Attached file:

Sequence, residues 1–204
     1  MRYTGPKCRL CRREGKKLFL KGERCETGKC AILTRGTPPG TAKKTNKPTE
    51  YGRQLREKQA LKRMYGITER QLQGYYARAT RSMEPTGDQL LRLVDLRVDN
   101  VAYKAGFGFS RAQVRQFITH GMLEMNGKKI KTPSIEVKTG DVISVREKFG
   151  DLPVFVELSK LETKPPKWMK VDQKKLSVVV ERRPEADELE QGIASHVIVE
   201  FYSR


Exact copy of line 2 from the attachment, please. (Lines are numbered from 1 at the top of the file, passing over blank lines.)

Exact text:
     1  MRYTGPKCRL CRREGKKLFL KGERCETGKC AILTRGTPPG TAKKTNKPTE